The result of a previously announced adverse analytical finding for mountain biker Brandon Stewart was confirmed at a hearing by an Independent Tribunal, and he received a two-year ban from all sport. The South African had been found to have the anabolic agent testosterone in his urine sample taken during an out of competition test on July 7, 2013.
The Independent Tribunal hearing occurred on July 24, 2014, although Stewart's ban is considered effective from March 27, 2014 to March 26, 2016. He has the right to appeal the decision.
Stewart took two injections of a testosterone booster, administered by his doctor between February and April of 2013 for treatment of mood swings and depression. Although Stewart had contacted the South African Institute for Drug-Free Sport (SAIDS) to request a Therapeutic Use Exemption (TUE) so he could continue to race while receiving treatment, his application was denied.
Stewart had reported that SAIDS told him that he could compete while his application was processed, but in April of 2013 he was notified that his TUE application was denied because his testosterone levels were not enough below normal to justify the treatment. It was suggested that he have further tests from an endocrinologist approved by SAIDS and that he could continue racing in the meantime. Stewart halted treatment and was then informed that his second application, based on the endocrinologist's reports, had also been denied.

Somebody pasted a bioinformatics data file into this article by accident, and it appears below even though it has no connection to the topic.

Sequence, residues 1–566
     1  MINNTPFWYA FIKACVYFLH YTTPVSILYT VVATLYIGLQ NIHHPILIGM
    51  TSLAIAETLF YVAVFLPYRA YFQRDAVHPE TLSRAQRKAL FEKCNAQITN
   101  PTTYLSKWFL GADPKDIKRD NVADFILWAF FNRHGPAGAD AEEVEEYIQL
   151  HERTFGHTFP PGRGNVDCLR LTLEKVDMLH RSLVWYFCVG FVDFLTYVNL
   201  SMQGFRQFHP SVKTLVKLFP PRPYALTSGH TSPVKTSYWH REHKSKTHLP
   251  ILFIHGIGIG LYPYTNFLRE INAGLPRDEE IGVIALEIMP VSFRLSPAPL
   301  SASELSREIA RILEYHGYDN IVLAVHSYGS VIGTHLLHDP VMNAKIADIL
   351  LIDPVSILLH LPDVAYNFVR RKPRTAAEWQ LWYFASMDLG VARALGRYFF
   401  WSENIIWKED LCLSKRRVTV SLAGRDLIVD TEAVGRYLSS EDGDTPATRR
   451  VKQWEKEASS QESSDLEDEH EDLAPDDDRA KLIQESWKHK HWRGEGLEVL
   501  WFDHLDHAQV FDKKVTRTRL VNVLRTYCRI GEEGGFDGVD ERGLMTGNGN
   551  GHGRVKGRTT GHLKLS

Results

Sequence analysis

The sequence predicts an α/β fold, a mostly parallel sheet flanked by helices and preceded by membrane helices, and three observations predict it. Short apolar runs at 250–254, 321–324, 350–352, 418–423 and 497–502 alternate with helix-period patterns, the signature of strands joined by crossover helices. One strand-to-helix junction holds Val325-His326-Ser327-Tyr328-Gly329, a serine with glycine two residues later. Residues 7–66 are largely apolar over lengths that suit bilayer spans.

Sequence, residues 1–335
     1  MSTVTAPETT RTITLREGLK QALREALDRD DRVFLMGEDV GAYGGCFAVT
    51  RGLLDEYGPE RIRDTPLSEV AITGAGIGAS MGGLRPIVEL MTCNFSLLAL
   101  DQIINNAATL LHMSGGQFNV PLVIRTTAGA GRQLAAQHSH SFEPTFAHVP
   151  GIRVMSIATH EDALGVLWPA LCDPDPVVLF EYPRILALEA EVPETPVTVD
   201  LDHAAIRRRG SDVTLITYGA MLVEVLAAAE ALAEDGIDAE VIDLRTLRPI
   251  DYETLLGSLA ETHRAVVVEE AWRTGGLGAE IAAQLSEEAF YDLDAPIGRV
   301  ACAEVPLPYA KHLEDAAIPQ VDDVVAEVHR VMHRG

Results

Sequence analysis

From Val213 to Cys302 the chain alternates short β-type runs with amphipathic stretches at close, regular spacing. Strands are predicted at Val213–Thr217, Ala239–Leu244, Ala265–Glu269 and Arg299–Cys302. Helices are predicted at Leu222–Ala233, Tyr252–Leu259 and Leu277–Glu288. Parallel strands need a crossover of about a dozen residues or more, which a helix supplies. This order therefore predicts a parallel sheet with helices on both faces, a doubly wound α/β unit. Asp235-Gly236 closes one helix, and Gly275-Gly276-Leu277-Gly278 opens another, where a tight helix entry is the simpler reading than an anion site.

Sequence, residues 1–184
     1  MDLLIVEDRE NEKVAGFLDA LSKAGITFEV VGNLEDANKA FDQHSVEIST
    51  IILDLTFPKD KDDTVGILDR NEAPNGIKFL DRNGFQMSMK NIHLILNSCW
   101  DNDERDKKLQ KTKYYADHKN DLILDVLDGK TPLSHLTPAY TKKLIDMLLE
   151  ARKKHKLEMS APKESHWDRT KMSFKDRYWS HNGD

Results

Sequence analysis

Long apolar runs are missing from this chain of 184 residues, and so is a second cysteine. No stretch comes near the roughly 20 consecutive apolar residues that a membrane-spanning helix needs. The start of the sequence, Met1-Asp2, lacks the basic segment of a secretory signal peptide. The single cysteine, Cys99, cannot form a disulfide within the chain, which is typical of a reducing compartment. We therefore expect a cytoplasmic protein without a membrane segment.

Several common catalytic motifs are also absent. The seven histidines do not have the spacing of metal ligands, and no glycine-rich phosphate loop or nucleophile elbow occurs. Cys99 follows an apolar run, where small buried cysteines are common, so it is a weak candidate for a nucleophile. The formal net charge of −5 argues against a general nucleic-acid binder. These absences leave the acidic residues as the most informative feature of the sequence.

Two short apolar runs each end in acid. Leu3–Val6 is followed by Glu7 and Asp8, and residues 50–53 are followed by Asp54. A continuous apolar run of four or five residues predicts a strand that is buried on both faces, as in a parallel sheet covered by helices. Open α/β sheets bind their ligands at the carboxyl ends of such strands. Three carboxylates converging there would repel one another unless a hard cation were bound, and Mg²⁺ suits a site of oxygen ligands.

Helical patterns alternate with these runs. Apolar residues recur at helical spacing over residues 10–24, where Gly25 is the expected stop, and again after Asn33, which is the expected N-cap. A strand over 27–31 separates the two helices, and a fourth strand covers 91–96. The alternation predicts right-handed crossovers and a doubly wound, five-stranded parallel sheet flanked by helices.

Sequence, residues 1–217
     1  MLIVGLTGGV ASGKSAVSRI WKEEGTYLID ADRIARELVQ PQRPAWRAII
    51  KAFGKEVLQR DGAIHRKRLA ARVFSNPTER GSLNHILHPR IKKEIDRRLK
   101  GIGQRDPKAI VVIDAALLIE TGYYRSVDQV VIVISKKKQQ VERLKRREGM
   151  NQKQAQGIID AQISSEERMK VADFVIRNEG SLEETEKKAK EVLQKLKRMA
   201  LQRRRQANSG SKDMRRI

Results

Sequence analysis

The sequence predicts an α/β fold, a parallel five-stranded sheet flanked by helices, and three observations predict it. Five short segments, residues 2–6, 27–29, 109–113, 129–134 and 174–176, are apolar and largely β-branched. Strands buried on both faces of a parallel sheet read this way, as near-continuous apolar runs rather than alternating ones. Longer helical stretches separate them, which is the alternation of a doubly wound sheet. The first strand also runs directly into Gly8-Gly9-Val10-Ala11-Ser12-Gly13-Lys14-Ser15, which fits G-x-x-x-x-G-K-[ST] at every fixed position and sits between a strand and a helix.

The positive out of competition test occurred two days before being told that his second TUE appeal was unsuccessful and three months after having stopped treatment.
Stewart was notified of his positive test in October and appealed it in January. SAIDS denied his appeal in March. The case then went on to the Court of Arbitration in Switzerland where he was formally charged with doping.
Cycling South Africa issued the statement: "Cycling South Africa respects the independence of the SAIDS process and respects the outcome. Cycling SA further reiterates its zero-tolerance approach to doping in sport and will continue working with SAIDS in the promotion of a drug-free sport via its awareness programmes and extensive testing."
Stewart has previously won the Best African jersey at the Cape Epic mountain bike stage race, and he is a former South African national champion.